About half mothers to be are likely to suffer from gum diseases during pregnancy. As a result of hormonal changes and a relatively poor dental hygiene, gums tend to be excessively sensitive during pregnancy, causing problems like gingivitis (inflammation of the gums) and periodontitis (gum disease). Saliva, food and bacteria form a coating on your teeth called plaque and makes your gums prone to bleeding. The gums become red and swollen and may exhibit extreme sensitivity. Vomiting during pregnancy also makes the acids from the stomach corrode the teeth. If the gums are left without cleaning then they start affecting bones and can cause periodontitis. This condition can lead to an early labor or a poor birth weight of the baby, making pregnancy all the more complicated. Infact women who are already struggling with dental problems may just feel that pregnancy has made them worse.
Symptoms of Gum Diseases
Gum inflammation generally strikes between the 2nd and 8th month of a pregnancy. Usual symptoms of gum diseases are red gums that may bleed when you brush, severe sensitivity and pain. These symptoms can further aggravate to swelling and bleeding of a gum tissue .
Some of the common symptoms of gum diseases during pregnancy include:
Gum inflammation, redness and soreness
Bad mouth odour or taste develops
Growth of any kind in the mouth – could indicate formation of a pregnancy tumor – which is infact a strong term for a harmless inflammatory reaction to local irritation. They generally disappear post pregnancy, or may need a small surgical removal in few cases
The increased levels of progesterone during pregnancy puts pregnant women at a higher risk of developing dental problems as it causes an exaggerated response to plaque bacteria. Gingivitis is common in women during months 2 to 8 of pregnancy, and even though you may follow a healthy oral care routine, you still run at a risk of developing gingivitis during pregnancy. It is much advisable to see a dentist prior to conception, however, if you miss out on that then you need to tell your dentist when you conceive- so that he can schedule your appointments accordingly. Dental cleanings during the second or early third trimester will help you deal with gingivitis.
Causes of Gum Diseases During Pregnancy
There are several reasons, which can result into poor dental health. Here are some of those:
Improper oral hygiene allows bacteria in plaque and calculus to remain on the teeth and infect the gums
Hormonal changes during pregnancy causes gum tissues to react more severely to foreign matter
Stress during pregnancy can also trigger formation of bacteria
High carbohydrates and improper food nutrition or intake of more sugary food causes gingivitis. And during the time of pregnancy the common causes of dental heath problems are cravings for sugary products, vomiting and retching while brushing teeth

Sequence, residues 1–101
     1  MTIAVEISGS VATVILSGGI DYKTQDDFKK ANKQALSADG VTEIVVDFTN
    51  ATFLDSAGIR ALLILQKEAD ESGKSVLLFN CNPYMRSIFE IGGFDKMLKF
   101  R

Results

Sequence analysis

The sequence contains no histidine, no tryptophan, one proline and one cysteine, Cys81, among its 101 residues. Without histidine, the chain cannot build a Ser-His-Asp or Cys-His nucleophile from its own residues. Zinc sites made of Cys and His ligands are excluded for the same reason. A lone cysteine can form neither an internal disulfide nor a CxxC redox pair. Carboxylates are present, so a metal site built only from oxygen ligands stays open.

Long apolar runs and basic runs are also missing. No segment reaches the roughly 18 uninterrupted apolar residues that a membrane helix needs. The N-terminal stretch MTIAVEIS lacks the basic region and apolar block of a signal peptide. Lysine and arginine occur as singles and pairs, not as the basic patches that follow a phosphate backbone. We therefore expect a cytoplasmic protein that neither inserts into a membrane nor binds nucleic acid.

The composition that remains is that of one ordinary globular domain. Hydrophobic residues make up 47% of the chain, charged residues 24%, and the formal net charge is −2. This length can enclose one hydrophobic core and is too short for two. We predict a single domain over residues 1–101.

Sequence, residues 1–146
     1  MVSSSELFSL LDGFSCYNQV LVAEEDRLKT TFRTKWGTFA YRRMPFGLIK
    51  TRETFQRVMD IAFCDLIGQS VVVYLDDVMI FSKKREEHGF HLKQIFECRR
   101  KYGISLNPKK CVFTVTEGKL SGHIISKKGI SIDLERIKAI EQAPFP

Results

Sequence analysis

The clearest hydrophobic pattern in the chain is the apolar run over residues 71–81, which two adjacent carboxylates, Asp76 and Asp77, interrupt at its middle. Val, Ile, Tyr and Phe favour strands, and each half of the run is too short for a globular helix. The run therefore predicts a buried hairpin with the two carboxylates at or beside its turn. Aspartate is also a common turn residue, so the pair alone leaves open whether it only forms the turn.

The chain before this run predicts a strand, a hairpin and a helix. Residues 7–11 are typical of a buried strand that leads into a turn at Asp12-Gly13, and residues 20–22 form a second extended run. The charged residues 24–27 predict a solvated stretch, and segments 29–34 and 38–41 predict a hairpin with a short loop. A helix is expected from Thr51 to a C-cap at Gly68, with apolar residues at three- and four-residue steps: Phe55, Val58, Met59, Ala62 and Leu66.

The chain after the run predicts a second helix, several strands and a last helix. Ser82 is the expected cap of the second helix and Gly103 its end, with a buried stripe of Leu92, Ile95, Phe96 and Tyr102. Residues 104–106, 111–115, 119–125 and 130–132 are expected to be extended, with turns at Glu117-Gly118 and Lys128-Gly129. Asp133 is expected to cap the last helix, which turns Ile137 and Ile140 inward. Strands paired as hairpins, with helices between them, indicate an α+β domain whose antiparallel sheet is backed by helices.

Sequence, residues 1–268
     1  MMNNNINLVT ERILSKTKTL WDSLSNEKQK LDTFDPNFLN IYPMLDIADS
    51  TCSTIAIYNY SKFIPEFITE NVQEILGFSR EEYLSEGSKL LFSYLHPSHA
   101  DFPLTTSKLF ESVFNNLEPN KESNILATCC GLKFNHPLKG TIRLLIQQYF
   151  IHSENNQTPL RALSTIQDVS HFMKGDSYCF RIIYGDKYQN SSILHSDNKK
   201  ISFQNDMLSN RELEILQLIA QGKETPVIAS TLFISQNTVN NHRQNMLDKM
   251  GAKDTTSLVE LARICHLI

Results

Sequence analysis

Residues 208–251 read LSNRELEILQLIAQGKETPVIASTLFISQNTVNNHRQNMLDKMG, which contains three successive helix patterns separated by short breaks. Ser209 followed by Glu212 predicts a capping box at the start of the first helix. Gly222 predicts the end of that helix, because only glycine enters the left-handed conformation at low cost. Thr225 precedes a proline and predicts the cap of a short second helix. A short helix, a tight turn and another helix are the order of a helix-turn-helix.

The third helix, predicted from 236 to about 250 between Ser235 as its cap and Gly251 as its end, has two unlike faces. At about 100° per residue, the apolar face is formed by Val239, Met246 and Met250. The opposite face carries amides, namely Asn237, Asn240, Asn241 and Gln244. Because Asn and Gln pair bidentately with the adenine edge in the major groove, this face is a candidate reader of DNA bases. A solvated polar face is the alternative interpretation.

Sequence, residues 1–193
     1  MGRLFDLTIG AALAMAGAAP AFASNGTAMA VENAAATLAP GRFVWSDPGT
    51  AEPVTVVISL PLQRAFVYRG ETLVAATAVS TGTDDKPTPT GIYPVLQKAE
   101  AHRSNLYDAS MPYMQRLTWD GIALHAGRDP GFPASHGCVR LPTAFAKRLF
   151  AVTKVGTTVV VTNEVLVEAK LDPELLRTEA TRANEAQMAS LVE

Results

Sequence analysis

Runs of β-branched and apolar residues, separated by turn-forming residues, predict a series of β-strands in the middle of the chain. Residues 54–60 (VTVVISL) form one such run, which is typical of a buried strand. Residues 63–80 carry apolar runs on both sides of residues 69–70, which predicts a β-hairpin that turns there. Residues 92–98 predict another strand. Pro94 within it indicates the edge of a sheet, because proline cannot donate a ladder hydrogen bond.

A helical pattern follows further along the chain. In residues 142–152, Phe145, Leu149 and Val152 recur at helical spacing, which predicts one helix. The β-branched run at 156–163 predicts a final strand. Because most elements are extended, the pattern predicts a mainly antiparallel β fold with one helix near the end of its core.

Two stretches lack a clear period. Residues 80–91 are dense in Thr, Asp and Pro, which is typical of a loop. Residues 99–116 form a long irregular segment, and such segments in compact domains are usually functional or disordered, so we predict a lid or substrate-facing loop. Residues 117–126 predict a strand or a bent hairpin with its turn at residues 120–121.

Gum Diseases and Premature Birth
Significant studies have shown a link between poor dental hygiene and premature birth. Researchers of one study who published their results in The Journal of the American Dental Association found that pregnant women with chronic gum disease were four to seven times more likely to deliver prematurely (before gestational week 37) and underweight babies than mothers with healthy gums.(Source: Webmd.com).
However, it is not yet been established if treating gum diseases reduces the risk of premature or low weight birth.
Prevention of Tooth Decay During Pregnancy
The bottom rule is that you should follow good dental hygiene to avoid or mitigate oral health issues. Here is a gist of certain pregnancy-related problems that can adversely affect your dental hygiene.
Morning Sickness- Morning sickness or feeling of nausea in the morning can keep some expectant mothers away from brushing. Using bland tasting toothpaste can simplify your discomfort. Rinse mouth with either water or mouth rinse if you suffer from vomiting or morning sickness
Eat Right- Eat right type of food to keep your teeth and your baby healthy. Shun sugary snacks and drink a lot of water, dairy foods such as yoghurt, cheese and milk. Dairy products are rich in essential minerals and are helpful in keeping your teeth and gums healthy. Dental issues in pregnancy require care and concern
Dental cleanings in pregnancy should be done only at the hands of an expert dentist. Rising levels of hormones during pregnancy can cause gums to swell, trap food and even bleed. Taking vitamin C can treat the condition
If you require dental work like crowns or cavity fillings, get it done during second trimester. Postpone all unnecessary or cosmetic dental work till delivery. Only emergency dental work such as tooth extraction or root canal can be done during pregnancy. After all it is best to put developing baby to any risk however minimal it is
A daily oral care regime is a huge must. Brushing twice and flossing atleast before going to bed really helps
Avoid food cravings that make you head the sweet way
Use a solution of salt in warm water to rinse your teeth
Avoid fizzy and sugary drinks
Never brush your teeth after vomiting, instead rub some toothpaste on the teeth to freshen up
A balanced diet, a good oral care routine and a bit of awareness can help you atleast deal with gum problems , if not prevent it. Happy Pregnancy!